Thursday, 20 July 2006

Milton's theology of freedom

My new book, Milton’s Theology of Freedom, was released today, so you might like to request a copy for your library. The book’s chapters are:

Introduction
1. The Theology of Freedom: A Short History
2. The Satanic Theology of Freedom
3. Predestination and Freedom
4. The Freedom of God
5. Human Freedom and the Fall
6. Grace, Conversion and Freedom
Conclusion

And here’s an excerpt from the preface:

This book offers a new reading of Milton’s poetic thought in the light of a detailed examination of post-Reformation theology. It aims to clarify and enrich our understanding of Milton’s epic, Paradise Lost, and to open new perspectives on to the fascinating complexities of Protestant theology in the seventeenth century. I hope the result will, therefore, be of interest both to Milton scholars and to students of post-Reformation theology.

What Albert Schweitzer once said of the Enlightenment writer Reimarus may with equal truth be said of John Milton: “He had no predecessors; neither had he any disciples.” Milton’s poetry and thought tower above their time and context, consistently inviting historical explication, yet refusing to be explained away by any historical determinant. His poetry continues to resist interpretive determinisms, while his thought continues to challenge theological and philosophical determinism. Milton’s work is thus a monument to the freedom of the individual and to the irreducible singularity of the creative impulse. Acknowledging this creativity and individuality is not, however, to argue that Milton’s thought existed in a vacuum. On the contrary, Milton absorbed entire traditions of linguistic, literary and theological discourse; and having absorbed them, he transmuted them and freely pressed them into the service of his own creative vision. Paradoxically then, the historical and contextual positioning of Milton is essential if we are fully to appreciate his uniqueness and individuality.

It is, for instance, only by recognising Milton’s appropriation of the epic tradition that we can appreciate the achievement of Paradise Lost, a work that transforms and transcends this tradition. Similarly, we can understand Milton’s theological achievement only when we situate his thought within the context of the theological traditions to which he was indebted, especially the traditions of post-Reformation Protestantism. In exploring Milton’s relationship to that theological context, I therefore endeavour to highlight the creative freedom of his own theological thought. In two respects, then, this book is a study of freedom: it is a study of Milton’s theological vision of freedom in Paradise Lost; and it is also a study of the freedom of Milton’s own theological creativity as embodied in the poem.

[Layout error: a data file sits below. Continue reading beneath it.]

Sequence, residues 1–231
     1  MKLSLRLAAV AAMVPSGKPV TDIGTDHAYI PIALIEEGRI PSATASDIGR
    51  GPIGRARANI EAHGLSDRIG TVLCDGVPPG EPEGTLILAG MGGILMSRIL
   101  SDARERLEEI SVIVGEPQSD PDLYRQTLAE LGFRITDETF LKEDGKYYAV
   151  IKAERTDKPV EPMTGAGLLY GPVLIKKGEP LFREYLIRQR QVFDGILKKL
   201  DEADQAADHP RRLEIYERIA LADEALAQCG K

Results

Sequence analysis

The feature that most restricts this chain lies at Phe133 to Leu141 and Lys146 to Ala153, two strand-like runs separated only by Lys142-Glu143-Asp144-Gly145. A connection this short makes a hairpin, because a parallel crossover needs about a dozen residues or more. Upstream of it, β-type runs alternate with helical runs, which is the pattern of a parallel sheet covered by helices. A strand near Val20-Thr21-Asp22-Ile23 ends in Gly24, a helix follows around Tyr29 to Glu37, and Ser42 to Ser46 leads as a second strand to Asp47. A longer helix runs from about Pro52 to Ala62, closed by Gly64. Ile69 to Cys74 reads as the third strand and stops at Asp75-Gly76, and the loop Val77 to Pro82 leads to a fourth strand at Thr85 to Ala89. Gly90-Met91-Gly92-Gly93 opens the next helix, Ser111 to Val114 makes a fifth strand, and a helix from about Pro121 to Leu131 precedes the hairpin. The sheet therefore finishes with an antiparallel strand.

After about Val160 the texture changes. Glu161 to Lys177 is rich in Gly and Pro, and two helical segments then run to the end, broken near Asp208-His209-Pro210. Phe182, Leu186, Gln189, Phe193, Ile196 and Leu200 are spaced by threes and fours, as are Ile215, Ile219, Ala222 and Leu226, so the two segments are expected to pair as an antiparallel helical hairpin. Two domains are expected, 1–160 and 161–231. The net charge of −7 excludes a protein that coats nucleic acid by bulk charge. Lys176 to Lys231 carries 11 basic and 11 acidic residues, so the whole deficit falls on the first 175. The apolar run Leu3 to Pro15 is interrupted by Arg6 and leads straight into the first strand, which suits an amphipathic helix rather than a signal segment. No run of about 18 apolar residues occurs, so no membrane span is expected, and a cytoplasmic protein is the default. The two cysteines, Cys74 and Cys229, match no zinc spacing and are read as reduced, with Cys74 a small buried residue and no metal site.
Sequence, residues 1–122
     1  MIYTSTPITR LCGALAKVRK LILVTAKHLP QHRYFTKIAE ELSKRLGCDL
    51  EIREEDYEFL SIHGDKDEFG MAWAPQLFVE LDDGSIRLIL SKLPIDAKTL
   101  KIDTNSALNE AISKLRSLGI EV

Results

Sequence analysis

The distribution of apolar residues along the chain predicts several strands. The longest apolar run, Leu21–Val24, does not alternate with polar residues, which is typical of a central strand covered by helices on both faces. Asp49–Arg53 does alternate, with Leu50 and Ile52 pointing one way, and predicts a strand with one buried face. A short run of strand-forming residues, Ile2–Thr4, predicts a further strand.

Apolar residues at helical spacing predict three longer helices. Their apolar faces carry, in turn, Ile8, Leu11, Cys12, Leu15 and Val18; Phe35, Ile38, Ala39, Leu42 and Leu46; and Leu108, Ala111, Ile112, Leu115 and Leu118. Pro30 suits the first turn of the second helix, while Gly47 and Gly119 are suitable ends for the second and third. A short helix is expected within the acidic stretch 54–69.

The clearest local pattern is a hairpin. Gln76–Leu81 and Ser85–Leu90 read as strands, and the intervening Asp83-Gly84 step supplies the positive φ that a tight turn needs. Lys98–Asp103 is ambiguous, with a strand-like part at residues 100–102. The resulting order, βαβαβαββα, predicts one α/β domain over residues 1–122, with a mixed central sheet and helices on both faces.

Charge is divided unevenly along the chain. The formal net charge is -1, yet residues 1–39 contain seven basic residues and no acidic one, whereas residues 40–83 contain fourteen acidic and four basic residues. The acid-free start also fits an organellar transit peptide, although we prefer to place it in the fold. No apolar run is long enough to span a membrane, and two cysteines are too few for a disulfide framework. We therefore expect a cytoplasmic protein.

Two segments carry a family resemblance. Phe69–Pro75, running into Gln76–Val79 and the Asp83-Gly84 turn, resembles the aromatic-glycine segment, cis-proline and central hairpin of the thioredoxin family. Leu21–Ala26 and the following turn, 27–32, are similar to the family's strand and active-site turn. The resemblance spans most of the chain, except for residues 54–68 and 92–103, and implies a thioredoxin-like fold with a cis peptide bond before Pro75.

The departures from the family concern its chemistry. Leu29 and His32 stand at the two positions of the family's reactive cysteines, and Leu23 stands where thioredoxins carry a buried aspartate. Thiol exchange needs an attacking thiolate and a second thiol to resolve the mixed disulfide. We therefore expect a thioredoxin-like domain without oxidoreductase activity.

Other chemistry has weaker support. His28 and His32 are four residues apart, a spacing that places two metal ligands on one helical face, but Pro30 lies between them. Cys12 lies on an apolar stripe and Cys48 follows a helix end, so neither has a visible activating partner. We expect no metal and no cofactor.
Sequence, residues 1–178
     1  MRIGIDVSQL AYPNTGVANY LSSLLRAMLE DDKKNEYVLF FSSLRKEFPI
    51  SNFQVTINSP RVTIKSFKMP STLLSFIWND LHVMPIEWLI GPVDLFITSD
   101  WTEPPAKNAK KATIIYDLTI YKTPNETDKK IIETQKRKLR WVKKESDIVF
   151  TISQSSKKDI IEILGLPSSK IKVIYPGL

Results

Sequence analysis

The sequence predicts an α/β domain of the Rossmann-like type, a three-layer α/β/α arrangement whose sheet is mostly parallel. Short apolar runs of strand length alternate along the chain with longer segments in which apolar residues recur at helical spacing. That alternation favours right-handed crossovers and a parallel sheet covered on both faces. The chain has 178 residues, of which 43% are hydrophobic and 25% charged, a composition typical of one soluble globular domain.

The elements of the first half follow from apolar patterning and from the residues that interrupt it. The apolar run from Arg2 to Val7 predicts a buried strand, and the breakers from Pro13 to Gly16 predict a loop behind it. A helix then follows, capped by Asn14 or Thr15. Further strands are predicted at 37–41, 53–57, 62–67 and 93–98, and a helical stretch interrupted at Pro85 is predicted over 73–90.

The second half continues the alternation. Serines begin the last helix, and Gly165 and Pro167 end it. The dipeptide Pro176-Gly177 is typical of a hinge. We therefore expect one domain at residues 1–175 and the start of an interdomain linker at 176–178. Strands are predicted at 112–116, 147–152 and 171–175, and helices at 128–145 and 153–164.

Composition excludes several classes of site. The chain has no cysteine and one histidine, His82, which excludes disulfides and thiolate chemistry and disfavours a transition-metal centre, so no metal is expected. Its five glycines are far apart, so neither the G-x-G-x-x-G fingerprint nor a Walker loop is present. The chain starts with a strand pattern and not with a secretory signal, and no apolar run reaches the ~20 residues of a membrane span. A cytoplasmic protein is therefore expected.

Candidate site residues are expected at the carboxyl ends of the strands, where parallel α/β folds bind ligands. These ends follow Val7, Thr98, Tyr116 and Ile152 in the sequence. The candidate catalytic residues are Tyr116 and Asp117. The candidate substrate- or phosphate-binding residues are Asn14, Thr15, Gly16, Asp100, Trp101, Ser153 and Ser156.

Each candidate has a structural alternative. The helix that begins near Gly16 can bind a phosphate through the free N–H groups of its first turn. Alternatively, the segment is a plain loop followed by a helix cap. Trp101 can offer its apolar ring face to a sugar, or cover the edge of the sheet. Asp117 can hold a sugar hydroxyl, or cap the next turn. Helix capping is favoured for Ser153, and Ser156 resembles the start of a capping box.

I should indicate at the outset that my own theological horizons are shaped principally by the traditions of Nicene trinitarianism and Reformed Protestantism—traditions of which Milton himself was by no means uncritical. As a result, I have often found myself disagreeing with Milton’s theological formulations. Such disagreement has, however, remained silent throughout this study, since my purpose is not to contest, but to listen to Milton himself as openly and as sympathetically as possible. In any case, regardless of the criticisms I might make of Milton’s theology, I feel only profound admiration for the work of this poet and thinker. If it is true that Milton had neither predecessors nor disciples, it is also true that he had few peers. His profound intuition, penetrating insight and uncompromising individualism set him apart from other writers and thinkers of his time. For this reason, I have found my engagement with Milton to be a unique challenge and a unique joy.

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